Tasman Bay & Marlborough Sounds

$4,670 / per person

Nelson to Picton - 8 Nights/ 9 Days

Departures: 27 November 2021 | 11 December, 2021

NZ$4,670 per person. NZ$9,340 single occupancy.

NZ$37,360 private charter for up to 8 guests.


Explore the top of the South Island from Tasman Bay to the Marlborough Sounds. Visiting some of New Zealand’s most iconic destinations in between including the Abel Tasman National Park, Adele Island, d’Urville Island, Greville Harbour, Pelorus and Kenepuru Sounds. 


We will arrange a private transfer for you and other members of the expedition from your accommodation to the Strannik which will be moored in the picturesque Nelson harbour. Once you are welcomed on board, we will introduce you to our team and the vessel. You will want to be on deck as we sail out through the cut between Haulashore Island and the Boulder Bank out into Tasman Bay. We will cruise across Tasman Bay to the Astrolabe Roadstead behind Adele Island in the Abel Tasman National Park. It was here in 1827 that the French Explorer Jules Dumont d’Urville anchored and replenished his water and food supplies, and named the Island after his wife.


We continue our exploration of the Abel Tasman National Park where you will have many choices and opportunities, including short and long walks, swimming, kayaking or simply lying on the beach. We will have a couple days here before heading back across Tasman Bay to D’Urville Island where we want to spend some time visiting Port Hardy and Greville Harbour areas before transiting the iconic French Pass into Admiralty Bay. We will pause our journey at Emslie Bay to allow you to get ashore and view French Pass from the nearby lighthouse. Our goal is to spend the next few days exploring the upper reaches of Pelorus and Kenepuru Sounds, searching out the history of the exploration and exploitation as well as some of the exciting conservation work that is currently being done. There will be multiple opportunities for short or long walks, or fossicking on the beaches. There is a labyrinth of water ways to explore in this ancient drowned river valley system where there are also some beautiful anchorages to enjoy. We will relocate to Queen Charlotte Sound via the outer reaches and islands of the Sounds, taking in the history and the beauty of the area. Who knows? There might be an opportunity for some fishing along the way – it all depends on the weather. Our final days of this expedition are spent in the beautiful Queen Charlotte Sound. There is a myriad of things to do and see here. There is Ships Cove, made famous by Captain James Cook who made multiple visits in the late 1700’s and Motuara Island, recently declared predator free and restocked with some of our countries rare native birds. There is the remains of the old whaling station near Tory Channel to explore. If you enjoy walking, there are a range of walks to choose from, including sections of the iconic Queen Charlotte track.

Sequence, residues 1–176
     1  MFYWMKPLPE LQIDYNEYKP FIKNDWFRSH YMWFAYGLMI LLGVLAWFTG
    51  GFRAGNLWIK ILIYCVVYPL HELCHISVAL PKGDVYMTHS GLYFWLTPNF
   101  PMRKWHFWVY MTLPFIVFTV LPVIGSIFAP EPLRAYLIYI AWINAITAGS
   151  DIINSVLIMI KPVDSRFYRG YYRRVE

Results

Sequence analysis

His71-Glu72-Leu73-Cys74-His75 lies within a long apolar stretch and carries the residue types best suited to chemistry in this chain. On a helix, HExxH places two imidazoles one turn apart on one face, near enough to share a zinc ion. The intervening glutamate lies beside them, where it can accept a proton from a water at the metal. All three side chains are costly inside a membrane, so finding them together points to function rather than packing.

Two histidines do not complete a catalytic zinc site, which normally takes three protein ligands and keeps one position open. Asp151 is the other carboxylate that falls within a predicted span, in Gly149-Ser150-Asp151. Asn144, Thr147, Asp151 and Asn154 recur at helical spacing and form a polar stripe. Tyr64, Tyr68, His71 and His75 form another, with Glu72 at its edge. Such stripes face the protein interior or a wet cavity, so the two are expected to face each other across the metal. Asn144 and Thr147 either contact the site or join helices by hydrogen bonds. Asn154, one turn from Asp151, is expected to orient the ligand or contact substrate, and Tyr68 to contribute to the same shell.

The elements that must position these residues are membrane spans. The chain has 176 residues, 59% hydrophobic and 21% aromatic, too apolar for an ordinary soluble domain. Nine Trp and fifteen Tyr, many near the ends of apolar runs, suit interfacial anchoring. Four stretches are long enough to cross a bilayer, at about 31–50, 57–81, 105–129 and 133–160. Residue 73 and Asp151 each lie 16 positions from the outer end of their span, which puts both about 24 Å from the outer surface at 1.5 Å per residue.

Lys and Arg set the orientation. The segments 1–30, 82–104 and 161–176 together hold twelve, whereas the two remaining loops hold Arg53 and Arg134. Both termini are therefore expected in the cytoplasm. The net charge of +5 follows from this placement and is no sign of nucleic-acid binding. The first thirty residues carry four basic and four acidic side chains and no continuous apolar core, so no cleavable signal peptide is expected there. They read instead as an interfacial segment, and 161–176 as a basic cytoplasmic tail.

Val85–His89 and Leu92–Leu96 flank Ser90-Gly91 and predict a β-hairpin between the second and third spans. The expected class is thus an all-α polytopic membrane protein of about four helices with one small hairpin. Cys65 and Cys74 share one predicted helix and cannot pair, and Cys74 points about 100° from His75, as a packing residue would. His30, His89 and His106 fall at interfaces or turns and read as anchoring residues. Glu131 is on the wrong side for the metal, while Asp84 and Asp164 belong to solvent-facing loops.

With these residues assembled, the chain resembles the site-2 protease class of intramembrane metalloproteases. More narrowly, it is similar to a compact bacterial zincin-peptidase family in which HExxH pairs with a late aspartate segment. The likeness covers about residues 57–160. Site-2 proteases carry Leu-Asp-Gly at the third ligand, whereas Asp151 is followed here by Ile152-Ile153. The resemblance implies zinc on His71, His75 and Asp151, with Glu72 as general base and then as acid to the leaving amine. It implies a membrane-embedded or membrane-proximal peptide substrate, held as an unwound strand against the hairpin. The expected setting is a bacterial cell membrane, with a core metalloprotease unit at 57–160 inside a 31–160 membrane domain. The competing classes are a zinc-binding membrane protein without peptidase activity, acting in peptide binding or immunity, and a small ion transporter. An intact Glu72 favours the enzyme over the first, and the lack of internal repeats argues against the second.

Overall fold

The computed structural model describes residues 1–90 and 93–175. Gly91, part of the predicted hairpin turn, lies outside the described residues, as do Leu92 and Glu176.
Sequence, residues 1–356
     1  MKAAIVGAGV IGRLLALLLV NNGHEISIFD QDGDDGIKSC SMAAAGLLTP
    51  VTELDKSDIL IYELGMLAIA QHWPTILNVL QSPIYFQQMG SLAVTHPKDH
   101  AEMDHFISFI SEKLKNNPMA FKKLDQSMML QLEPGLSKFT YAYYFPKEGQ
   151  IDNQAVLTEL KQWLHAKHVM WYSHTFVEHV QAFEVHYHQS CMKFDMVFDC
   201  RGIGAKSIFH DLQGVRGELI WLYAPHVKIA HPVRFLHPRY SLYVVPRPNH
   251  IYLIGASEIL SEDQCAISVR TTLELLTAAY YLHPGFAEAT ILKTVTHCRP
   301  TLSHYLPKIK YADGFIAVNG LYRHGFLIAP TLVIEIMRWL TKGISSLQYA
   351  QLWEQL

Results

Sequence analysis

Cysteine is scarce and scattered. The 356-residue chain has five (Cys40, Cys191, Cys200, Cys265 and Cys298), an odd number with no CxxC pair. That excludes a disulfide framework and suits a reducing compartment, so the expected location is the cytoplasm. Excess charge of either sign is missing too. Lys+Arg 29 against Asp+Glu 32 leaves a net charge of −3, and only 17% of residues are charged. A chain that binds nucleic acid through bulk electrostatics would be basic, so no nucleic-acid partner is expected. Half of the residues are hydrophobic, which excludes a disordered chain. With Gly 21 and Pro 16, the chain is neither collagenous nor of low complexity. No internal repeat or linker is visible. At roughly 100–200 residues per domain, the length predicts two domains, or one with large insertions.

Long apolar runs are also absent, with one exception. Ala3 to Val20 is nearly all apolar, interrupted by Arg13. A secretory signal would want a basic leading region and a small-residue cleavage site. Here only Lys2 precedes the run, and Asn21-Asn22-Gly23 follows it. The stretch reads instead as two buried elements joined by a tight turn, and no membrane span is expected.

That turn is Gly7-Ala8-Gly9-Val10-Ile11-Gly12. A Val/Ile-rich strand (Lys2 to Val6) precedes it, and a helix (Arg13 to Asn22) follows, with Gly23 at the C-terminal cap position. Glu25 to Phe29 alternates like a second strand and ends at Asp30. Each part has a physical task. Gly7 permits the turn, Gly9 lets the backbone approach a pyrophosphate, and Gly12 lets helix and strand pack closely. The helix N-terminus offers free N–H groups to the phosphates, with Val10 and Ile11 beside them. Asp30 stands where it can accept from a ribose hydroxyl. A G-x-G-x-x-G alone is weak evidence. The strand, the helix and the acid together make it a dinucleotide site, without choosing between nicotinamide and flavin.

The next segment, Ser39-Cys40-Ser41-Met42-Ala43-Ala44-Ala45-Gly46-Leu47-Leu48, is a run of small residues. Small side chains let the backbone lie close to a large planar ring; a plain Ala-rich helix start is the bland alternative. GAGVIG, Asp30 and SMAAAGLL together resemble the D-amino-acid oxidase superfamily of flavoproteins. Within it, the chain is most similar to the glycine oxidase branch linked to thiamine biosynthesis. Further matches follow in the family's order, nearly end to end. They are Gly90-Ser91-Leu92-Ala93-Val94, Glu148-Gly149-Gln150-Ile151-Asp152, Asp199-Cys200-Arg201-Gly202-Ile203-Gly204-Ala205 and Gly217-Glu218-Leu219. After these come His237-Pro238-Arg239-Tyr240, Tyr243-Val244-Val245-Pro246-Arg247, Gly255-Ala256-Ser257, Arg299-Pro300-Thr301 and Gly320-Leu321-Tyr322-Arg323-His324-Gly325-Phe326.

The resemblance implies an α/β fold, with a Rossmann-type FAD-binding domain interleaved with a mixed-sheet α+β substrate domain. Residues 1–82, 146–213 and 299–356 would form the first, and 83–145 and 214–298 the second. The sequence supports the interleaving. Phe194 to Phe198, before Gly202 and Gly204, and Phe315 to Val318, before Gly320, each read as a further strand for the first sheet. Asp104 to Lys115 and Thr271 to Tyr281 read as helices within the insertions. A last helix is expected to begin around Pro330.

Sadly, all good things must come to an end. We will enjoy breakfast together on board the Strannik before taking you ashore in picturesque Picton. From here you will be able to take the ferry to Wellington or the Coastal Pacific Train to Christchurch, or a coach to Blenheim airport to catch any domestic flights.


  • Spend 8 days aboard Strannik, a comfortable vessel with only seven other like-minded travellers
  • Enjoy endless opportunities for adventure and wildlife
  • Discover a part of New Zealand that very few get to experience
  • Spend time in the Abel Tasman enjoying short or long walks, kayaking and swimming
  • Visit D’Urville Island and transit the iconic French Pass
  • Sail in remote inlets throughout the Kenepuru, Pelorus and Queen Charlotte Sounds
  • Note: Voyages are restricted to 8 passengers. Additional passengers can be accommodated at the approval of Wild Earth Travel.


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Please note: we do not publish a day to day itinerary, except for first and the last day. We embrace true expedition travel and make each trip unique depending on weather conditions and the guests onboard. Each of our expeditions has a goal or an object.


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